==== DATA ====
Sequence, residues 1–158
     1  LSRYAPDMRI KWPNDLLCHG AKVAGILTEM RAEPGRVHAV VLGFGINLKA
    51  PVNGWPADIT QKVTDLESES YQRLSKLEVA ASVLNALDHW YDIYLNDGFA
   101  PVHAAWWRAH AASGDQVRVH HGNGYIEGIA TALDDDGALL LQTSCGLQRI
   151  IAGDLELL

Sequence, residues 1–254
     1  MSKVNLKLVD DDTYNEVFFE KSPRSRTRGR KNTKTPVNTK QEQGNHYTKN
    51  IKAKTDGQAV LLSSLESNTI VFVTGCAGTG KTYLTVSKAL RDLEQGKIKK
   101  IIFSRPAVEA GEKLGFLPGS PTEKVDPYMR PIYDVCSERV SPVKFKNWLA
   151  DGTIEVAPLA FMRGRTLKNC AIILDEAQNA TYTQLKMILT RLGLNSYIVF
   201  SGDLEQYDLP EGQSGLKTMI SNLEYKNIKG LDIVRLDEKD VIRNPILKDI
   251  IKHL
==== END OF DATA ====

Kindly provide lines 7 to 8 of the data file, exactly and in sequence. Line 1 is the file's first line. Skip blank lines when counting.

     1  MSKVNLKLVD DDTYNEVFFE KSPRSRTRGR KNTKTPVNTK QEQGNHYTKN
    51  IKAKTDGQAV LLSSLESNTI VFVTGCAGTG KTYLTVSKAL RDLEQGKIKK